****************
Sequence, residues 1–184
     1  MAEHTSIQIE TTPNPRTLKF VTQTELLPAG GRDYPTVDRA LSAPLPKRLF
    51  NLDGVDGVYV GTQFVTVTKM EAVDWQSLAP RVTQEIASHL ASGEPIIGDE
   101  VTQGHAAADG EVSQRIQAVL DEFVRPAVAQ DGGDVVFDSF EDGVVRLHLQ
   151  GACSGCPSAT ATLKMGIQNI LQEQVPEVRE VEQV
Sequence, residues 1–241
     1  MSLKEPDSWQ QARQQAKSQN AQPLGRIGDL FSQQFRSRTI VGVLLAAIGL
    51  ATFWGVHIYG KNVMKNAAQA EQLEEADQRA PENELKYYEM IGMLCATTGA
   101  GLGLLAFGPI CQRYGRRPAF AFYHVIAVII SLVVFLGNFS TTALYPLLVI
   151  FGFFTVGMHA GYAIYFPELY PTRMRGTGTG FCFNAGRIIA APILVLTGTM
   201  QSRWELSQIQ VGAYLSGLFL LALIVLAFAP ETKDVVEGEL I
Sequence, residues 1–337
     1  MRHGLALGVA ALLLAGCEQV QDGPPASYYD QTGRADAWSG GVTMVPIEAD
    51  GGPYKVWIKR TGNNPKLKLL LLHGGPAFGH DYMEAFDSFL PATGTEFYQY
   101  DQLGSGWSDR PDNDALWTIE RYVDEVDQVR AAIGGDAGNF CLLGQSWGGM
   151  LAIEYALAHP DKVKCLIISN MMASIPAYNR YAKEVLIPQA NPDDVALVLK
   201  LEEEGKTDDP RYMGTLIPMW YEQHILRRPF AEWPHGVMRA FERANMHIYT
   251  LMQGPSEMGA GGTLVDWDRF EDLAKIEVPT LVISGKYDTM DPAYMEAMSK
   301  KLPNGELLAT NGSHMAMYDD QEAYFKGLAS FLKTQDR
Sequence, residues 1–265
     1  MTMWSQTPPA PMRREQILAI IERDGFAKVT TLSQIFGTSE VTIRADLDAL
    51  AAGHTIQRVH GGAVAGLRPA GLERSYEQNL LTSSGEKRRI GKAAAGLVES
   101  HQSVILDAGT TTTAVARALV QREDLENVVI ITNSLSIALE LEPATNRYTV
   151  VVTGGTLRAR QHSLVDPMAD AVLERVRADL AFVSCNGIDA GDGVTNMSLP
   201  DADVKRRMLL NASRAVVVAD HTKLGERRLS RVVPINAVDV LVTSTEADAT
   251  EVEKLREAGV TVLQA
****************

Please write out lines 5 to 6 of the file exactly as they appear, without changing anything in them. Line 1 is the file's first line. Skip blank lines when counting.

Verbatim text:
   151  GACSGCPSAT ATLKMGIQNI LQEQVPEVRE VEQV
Sequence, residues 1–241